About Harper's Magazine's paywall
In an unorthodox, hilarious interview, The Awl talks to Harper's Magazine's associate editor Paul Ford, who runs the magazine's website, about their content paywall. The Awl editor Choire Sicha asked, "what are the goals of the Harper's website? By which I mean: is it to drive subscriptions? To be self-supporting? To get attention? To be considered cool by the kids? Or some other, heretofore unthought-of idea?"
Paul: Okay! Let's talk about the paywall. People are very curious about paywalls.
Choire: Oh yes. It is an obsession in this time!
Paul: So, for strangers to harpers.org, if you want to read the current issue of the magazine–the one on newsstands–you have to be a subscriber, which costs $16.97 a year.
Choire: That is outrageous.
Paul: IT IS INSANITY! It is the END OF THE INTERNET AS WE KNOW IT!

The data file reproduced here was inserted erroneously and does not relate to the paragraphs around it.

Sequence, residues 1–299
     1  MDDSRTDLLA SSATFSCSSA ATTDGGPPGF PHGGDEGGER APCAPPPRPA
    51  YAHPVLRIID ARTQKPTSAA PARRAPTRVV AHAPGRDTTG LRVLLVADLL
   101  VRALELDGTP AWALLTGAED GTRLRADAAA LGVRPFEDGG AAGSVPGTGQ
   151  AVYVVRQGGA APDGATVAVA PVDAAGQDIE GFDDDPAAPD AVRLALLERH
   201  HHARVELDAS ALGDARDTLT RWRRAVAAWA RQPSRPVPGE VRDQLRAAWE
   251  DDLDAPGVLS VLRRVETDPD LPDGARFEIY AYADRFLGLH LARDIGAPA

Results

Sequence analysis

Choire: I mean, what incentive do people [have] to pay that kind of money! What do they even GET for that! (Annnd… end sarcasm.)
Paul: We're really into the idea of subscribers giving us money in exchange for our product.
It sounds so logical! But paywalls haven't been widely used by media organizations. The New York Times once had a paid-only area that it abandoned; in January, the company announced that would implement a paywall in 2011. Mediawatchers of all stripes were circumspect; maybe paywalls are making a comeback.
Harper's made headlines recently when it suddenly parted ways with Roger Hodge, who'd been editor since 2006. The details of his departure remain murky, but the paywall wasn't part of the problem. Publisher John MacArthur told the N.Y. Times:
"I’m more confident about the future because of the Guantánamo piece and the paid model of the Web site, and I think I’m seeing a little bit of uptick on the newsstand."
So not only was the paywall a success; Paul Ford notes that Hodge even added a little xml to his literary editing skills to get involved in the website at a higher level.
-- Carolyn Kellogg